- LONDON (Reuters) - AIDS will
surpass the Black Death as the world's worst pandemic if the 40 million
people living with HIV/AIDS do not get life-prolonging drugs, a public
health physician said Friday.
- The illness has killed 25 million people since the early
1980s and an estimated 14,000 people are infected each day with HIV, which
destroys the immune system.
- Without antiretroviral drugs most people living with
HIV/AIDS will die, pushing the death toll beyond the 40 million killed
by the Black Death that ravaged Asia and Europe in the 14th century.
- The Black Death, or bubonic plague, was caused by a
carried by rats. Infection spread through rat flea bites.
- "Despite the impressive advances in medicine since
then, HIV/AIDS is likely to surpass the Black Death as the worst pandemic
ever," said Peter Lamptey, president of the Family Health
AIDS Institute a non-governmental agency based in Arlington,
- "If we don't improve access to treatment in the
next 10-15 years we could have as many as 65 million deaths from this
he said in a telephone interview.
- Ninety-five percent of new infections are in the world's
poorest countries where life-prolonging drugs are not available to most
- The illness has decreased life expectancy, increased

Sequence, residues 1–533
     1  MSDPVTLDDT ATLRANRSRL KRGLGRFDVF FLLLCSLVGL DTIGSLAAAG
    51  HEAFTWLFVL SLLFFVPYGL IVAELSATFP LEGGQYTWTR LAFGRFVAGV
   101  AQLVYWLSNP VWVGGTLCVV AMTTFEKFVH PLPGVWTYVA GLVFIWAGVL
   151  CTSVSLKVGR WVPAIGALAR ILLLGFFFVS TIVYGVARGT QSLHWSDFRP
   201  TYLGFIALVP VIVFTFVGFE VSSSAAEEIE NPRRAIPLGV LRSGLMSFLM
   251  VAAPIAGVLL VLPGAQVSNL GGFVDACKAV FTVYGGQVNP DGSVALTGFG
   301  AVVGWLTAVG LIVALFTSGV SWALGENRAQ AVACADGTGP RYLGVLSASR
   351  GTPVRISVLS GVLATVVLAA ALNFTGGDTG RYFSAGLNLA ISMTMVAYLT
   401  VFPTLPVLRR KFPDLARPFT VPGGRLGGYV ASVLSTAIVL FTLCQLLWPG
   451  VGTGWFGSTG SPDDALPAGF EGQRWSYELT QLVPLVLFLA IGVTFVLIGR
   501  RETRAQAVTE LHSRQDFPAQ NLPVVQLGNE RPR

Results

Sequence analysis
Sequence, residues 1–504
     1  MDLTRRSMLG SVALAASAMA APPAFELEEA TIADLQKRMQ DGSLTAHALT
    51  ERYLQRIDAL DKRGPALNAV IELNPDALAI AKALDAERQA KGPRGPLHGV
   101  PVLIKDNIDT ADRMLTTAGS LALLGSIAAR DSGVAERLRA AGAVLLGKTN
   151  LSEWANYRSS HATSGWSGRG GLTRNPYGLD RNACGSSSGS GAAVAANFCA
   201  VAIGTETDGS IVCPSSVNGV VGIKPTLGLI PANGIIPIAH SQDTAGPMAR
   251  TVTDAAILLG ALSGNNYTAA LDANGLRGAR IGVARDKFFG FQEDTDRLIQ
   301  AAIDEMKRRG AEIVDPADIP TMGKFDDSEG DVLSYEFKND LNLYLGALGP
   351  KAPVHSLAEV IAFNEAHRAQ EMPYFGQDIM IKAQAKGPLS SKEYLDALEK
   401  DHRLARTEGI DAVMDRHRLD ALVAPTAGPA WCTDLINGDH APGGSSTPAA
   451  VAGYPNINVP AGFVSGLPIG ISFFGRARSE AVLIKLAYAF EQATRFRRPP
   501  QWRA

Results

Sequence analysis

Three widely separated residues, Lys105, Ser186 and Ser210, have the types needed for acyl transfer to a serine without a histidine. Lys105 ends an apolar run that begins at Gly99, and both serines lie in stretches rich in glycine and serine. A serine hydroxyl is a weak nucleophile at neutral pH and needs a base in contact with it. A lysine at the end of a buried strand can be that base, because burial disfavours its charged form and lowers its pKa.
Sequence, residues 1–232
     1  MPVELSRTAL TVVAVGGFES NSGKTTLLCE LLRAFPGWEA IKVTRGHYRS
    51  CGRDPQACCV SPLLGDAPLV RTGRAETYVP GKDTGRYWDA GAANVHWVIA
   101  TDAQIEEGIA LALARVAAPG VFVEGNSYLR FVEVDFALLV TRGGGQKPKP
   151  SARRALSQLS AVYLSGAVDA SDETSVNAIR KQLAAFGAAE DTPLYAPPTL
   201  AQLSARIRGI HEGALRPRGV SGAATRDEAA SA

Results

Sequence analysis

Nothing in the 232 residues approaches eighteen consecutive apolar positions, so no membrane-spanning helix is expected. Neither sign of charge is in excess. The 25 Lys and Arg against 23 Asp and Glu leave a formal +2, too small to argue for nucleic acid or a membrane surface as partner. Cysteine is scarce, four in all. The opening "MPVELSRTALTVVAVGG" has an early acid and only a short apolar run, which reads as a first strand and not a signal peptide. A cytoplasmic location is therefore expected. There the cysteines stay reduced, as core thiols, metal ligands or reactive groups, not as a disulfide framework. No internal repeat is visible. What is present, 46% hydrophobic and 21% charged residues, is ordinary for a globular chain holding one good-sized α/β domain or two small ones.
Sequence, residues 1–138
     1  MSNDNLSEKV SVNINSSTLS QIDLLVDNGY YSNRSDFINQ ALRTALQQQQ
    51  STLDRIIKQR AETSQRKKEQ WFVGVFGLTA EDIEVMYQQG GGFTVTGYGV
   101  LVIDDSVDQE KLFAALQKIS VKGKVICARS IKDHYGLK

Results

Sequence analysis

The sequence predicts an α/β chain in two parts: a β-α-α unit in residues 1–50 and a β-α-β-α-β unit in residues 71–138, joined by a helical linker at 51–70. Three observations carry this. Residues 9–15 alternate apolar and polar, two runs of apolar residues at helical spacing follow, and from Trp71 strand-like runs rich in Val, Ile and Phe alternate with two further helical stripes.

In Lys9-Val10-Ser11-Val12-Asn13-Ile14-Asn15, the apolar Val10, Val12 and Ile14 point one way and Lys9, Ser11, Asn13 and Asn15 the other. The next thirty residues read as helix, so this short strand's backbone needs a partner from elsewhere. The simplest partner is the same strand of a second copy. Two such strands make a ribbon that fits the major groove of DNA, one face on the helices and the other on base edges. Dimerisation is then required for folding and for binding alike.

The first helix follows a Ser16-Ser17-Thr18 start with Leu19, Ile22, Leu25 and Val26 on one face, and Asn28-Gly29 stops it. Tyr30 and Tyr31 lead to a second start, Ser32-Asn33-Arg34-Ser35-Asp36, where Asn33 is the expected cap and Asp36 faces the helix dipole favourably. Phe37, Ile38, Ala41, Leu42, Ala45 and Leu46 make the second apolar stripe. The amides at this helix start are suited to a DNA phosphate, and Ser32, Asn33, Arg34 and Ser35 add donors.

infant mortality and orphaned millions of children -- particularly in
Africa, home to more than 28 million HIV/AIDS sufferers.
- In a review of the latest information on AIDS, Lamptey
said a lack of international and national commitment, inadequate resources
and stigma and discrimination were stalling efforts to control the
- "We urgently need an effective and safe vaccine,
an affordable cure, and intensified prevention, care and support
he said in the latest issue of the British Medical Journal which focuses
on the AIDS catastrophe.
- AFFORDABLE DRUGS
- David Berwick, president and chief executive officer
of the Institute for Healthcare Improvement in Boston, Massachusetts,
international drugs companies which have slashed the prices of anti-AIDS
drugs, but said it was not enough.
- "The initial acts of generosity only set the stage
for what the world really needs: a dramatic, unprecedented, and unequivocal
decision by the boards and executives of several important pharmaceutical
companies to make their anti-HIV drugs free," he said in the
- But Richard Sykes, chairman of drug giant GlaxoSmithKline
Plc, said the key problem in getting anti-AIDS drugs to the world's poor
was not the cost of the drugs, but the lack of an infrastructure to deliver
and administer them.
- Malegapuru William Makgoba, president of the Medical
Research Council of South Africa, said he was convinced the only real hope
of combating the pandemic was an effective vaccine, which he believed would
be available in seven to 10 years.